Tie a knot around this activity
Perhaps one of the handiest things to know when you’re exploring the great outdoors, is how to tie a knot or repair rope. Tying strong and secure knots is really important.
Whether you need to tether a boat to a dock, tie down the canoe to the roof of the car, hang a clothesline, tie first aid bandages and slings, climb, build a shelter or hang a swing.
Joins 2 ropes
Used to attach a rope to something else like a post
Used to make an eye or a join without tying a knot. It works on friction so it doesn’t weaken the rope as much as a knot
A thin line used to stop the end of the rope from unraveling
A complete turn with a crossover
An incomplete loop
Stops a rope from being pulled through an eye. Can also be used on a rope “ladder” to stop your feet or hands from slipping down the rope.
A grooved spike for splicing rope
To twist a rope into a series of loops
A metal fitting put into an eye to reduce wear
Here are a few of the most useful knots to know.
Take some time to practice them before heading out – you know never when you might need one!
Other handy knot tips:
- Never store rope in the sun. UV rays can weaken it.
- To keep your rope secure, always leave a long tail after tying your knot.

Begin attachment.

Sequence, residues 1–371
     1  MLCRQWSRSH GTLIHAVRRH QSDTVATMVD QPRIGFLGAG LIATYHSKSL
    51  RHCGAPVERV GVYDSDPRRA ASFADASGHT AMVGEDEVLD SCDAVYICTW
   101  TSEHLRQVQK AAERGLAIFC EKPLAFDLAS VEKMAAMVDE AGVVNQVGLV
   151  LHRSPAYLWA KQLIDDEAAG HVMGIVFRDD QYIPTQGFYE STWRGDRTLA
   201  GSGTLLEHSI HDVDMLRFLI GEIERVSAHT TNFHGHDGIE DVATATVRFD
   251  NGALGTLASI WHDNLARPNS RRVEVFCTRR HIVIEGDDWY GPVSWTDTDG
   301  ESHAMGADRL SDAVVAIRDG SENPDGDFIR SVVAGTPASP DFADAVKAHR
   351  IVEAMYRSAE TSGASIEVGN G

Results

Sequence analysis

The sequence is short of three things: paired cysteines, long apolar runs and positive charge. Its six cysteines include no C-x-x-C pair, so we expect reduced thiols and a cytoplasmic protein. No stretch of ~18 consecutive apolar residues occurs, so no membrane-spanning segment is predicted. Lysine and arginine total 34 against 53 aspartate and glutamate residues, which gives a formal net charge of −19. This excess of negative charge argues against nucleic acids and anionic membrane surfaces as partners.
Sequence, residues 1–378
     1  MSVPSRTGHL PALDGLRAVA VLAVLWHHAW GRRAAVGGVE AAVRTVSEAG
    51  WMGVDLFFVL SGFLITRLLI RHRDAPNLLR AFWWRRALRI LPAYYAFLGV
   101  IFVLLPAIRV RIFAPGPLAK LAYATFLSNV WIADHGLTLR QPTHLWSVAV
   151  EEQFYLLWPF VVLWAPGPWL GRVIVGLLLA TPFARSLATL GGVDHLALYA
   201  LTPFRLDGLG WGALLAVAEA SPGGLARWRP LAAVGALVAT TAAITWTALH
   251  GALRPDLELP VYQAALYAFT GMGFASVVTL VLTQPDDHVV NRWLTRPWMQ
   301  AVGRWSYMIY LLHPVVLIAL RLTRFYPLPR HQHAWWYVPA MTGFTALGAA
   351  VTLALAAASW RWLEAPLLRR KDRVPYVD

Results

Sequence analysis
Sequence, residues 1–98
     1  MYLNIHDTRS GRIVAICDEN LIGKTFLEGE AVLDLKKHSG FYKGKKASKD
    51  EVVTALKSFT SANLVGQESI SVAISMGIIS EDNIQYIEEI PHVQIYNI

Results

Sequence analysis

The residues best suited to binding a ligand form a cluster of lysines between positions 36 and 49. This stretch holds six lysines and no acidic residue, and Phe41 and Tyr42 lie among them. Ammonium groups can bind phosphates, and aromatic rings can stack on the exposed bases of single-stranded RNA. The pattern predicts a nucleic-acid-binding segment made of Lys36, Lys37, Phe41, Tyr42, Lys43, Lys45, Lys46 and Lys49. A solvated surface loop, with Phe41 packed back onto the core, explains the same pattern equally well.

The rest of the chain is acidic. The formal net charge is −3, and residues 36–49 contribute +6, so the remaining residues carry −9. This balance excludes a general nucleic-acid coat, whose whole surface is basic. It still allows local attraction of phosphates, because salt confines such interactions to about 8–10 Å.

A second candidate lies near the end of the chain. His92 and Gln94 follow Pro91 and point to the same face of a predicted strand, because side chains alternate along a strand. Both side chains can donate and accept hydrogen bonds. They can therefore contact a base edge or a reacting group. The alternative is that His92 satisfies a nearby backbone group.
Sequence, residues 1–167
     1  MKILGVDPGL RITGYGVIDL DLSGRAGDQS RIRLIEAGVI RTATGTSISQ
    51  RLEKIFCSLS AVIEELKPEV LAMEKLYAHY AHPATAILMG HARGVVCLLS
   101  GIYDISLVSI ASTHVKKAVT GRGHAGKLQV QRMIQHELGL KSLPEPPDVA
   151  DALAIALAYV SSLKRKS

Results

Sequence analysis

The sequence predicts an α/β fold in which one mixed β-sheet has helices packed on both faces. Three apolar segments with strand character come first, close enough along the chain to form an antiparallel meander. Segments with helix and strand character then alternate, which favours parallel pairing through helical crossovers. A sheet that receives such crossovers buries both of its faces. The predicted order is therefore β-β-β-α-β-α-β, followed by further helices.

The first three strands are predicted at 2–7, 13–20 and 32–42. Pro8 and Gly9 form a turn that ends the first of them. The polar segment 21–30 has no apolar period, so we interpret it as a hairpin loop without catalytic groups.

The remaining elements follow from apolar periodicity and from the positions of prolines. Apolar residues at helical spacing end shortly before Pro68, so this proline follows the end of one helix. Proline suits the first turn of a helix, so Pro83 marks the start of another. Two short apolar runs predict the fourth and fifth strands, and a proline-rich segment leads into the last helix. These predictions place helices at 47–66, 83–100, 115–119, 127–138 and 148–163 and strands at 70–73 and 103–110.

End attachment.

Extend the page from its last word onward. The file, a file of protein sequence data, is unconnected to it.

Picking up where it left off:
- Choose your knot wisely. Some knots can reduce the strength of your rope by half!
- “Dress” your knot well so it doesn’t slip or put extra strain on your rope and weaken it. Make sure there are no sharp bends in the knot.
- Be sure a knowledgeable adult inspects your knots for safety, especially when tying rope for climbing or rescue. Someone’s life depends on it!
The type of rope you use is just as important as the knot you tie. Different rope types are stronger than others. Some are designed to float while others are made to sink. Some are also heavier than others.
Natural fibres like Manilla and Sisal are light and cheap, but are weaker than man-made ones. They also rot easily. Use these only if security is not an issue and they won’t be left in the sun or rain for extended periods of time.
Synthetic rope like nylon, polypropylene, polyethylene and polyester are stronger than natural fibre rope and can be inexpensive. Polypropylene and polyethylene float so they’re good for water and they’re cheap too. Nylon and polyester are smooth ropes that stretch and are very strong. Polyester/Terylene rope is heavy.
Exotic fibres like Spectra and Vectran are very strong ropes and don’t stretch but are quite expensive. These are good climbing ropes. Aramid rope weakens a lot when knotted and does not wear very well either.
ACTIVITY CODE: 106-1
- Type of Activity
- (Learn more about activity types)
- Download these Videos
- (Get Ipod/Iphone version)
- Visit our ACWEB.TV Channel
- ACWEB.TV Channel